The Opening of the Mouth ceremony was an important ritual in both funerary and temple practice. It originated as a ritual to endow statues with the capacity to support the living ka, and to receive offerings. It was performed on cult statues of gods, kings, and private individuals, as well as on the mummies of both humans and Apis bulls. It was even performed on the individual rooms of temples and on the entire temple structure.

The effect of the ritual was to animate the recipient (or, in the case of a deceased individual, to re-animate it). The ritual allowed the mummy, statue, or temple, to eat, breathe, see, hear and enjoy the offerings and provisions performed by the priests and officiants, thus to sustain the ka or soul spark - spirit.

The earliest Old Kingdom textual references to the ceremony date to the early 4th dynasty, to the Palermo Stone and the decoration of the tomb of the royal official Metjen. At this time, the ritual seems to have been performed solely to animate statues, rather than to re-animate the deceased.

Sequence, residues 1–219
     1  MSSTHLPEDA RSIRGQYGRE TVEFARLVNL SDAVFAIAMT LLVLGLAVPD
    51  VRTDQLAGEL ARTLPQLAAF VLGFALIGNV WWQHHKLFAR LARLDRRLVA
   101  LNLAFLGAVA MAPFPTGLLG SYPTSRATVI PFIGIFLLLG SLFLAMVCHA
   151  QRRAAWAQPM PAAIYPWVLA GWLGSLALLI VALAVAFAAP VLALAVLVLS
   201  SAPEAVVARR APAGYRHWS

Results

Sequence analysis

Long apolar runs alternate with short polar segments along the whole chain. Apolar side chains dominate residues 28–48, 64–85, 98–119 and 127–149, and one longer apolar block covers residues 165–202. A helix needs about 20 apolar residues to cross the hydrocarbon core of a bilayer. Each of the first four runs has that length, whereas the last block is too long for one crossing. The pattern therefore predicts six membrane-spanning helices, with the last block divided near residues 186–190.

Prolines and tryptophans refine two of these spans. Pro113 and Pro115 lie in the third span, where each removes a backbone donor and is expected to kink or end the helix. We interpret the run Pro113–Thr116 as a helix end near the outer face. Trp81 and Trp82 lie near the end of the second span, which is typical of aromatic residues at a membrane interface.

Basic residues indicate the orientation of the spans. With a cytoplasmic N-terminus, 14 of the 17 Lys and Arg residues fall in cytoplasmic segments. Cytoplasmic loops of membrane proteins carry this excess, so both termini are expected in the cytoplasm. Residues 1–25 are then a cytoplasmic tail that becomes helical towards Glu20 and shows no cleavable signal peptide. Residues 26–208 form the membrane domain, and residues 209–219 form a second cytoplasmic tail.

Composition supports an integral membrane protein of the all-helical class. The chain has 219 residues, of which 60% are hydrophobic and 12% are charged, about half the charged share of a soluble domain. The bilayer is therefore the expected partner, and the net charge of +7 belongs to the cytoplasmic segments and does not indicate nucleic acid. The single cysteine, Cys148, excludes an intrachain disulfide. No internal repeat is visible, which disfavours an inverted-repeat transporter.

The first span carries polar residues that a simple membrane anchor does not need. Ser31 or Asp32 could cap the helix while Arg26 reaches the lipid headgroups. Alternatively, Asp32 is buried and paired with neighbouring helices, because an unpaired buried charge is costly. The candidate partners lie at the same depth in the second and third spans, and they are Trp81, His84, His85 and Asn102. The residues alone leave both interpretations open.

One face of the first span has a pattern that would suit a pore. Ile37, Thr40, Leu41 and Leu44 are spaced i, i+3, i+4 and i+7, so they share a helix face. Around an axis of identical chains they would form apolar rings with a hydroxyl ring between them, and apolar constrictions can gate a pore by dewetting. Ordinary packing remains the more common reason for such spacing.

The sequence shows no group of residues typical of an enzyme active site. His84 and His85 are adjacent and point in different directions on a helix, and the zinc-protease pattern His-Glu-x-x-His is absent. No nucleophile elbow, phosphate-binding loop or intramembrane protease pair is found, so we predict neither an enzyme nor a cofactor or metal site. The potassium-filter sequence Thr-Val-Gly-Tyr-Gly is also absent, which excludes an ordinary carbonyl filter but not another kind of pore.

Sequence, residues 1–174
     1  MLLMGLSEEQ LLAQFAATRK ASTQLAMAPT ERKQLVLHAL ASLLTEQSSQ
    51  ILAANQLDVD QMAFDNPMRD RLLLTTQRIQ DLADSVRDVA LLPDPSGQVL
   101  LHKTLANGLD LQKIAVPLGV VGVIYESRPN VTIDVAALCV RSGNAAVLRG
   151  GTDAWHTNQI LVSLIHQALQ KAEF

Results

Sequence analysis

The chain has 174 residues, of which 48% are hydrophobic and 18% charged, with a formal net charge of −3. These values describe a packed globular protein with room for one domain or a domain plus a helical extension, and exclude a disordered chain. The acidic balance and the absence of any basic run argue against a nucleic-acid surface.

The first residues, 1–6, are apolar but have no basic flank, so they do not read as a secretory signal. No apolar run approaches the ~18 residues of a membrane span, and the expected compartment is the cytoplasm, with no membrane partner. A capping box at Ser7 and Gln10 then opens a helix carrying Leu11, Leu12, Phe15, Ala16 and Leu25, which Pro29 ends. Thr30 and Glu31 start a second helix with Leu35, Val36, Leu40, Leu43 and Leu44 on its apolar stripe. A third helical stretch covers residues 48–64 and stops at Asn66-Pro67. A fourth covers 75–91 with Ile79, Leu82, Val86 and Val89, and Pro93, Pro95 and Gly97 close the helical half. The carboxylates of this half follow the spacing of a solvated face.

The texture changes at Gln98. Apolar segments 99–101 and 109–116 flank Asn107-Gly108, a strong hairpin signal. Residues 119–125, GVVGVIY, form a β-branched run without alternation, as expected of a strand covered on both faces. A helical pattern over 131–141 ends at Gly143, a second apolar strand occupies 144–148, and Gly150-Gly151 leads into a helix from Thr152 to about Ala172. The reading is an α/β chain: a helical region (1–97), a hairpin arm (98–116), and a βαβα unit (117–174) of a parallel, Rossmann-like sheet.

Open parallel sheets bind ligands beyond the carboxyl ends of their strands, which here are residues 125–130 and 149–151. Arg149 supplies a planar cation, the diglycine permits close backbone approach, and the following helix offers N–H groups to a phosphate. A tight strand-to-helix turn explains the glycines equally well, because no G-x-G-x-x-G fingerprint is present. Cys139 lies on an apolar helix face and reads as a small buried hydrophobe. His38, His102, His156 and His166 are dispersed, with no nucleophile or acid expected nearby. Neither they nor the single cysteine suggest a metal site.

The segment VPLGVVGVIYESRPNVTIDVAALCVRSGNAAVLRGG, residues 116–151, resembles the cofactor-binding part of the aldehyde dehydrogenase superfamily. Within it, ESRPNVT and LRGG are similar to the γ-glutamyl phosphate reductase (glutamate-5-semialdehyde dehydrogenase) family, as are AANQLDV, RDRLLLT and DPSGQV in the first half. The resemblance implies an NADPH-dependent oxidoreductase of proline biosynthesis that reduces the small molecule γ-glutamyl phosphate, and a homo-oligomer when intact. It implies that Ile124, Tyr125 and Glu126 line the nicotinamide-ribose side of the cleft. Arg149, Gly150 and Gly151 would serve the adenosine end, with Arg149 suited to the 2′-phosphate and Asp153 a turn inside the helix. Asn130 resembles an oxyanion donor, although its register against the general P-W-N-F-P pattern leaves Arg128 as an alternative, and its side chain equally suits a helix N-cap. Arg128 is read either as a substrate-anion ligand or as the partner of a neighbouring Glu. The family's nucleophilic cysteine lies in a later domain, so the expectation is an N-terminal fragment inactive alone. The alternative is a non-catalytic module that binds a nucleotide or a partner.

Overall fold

Marriages and Children

Ptah was married to either Bast, Sekhmet or Wadjet. His union with Bast was thought to have produced a lion-headed god called Mihos, while Nefertem was his son by either Sekhmet or Wadjet. Different towns believed that Ptah was married to their goddess, and thus the confusion with his family ties. Mennefer had a triad consisting of Ptah, Sekhmet and Nefertem.

The architect of the Saqqara Step Pyramid, Imhotep, after he became deified, came to be regarded as the son of Ptah. As father and creator of the gods, the deities he created first were Nun and Naunet and the nine gods of the Ennead. The nine were Atum, Shu, Tefnut, Geb, Nut, Osiris, Isis, Set, and Nephthys who were considered to be both the teeth and lips of the mouth of Ptah and the semen and the hands of Tem.

He was linked to two other Mennefer gods - Ta-tenen and Sokar. Ta-tenen (known as Ptah-Ta-tenen when the two were combined) was an earth god connected with the primeval mound as it rose from the waters of Nun while Sokar was a god of the necropolis. This reinforced Ptah's aspects of a god of creation and a god of the dead. Ptah-Sokar was also connected with Osiris, and known as Ptah-Sokar-Osiris. Statues of the three-in-one god showed a mummiform man wearing the sun disk, corkscrew ram horns and long plumes or the atef crown. These statues often contained a copy of spells from The Book of the Dead.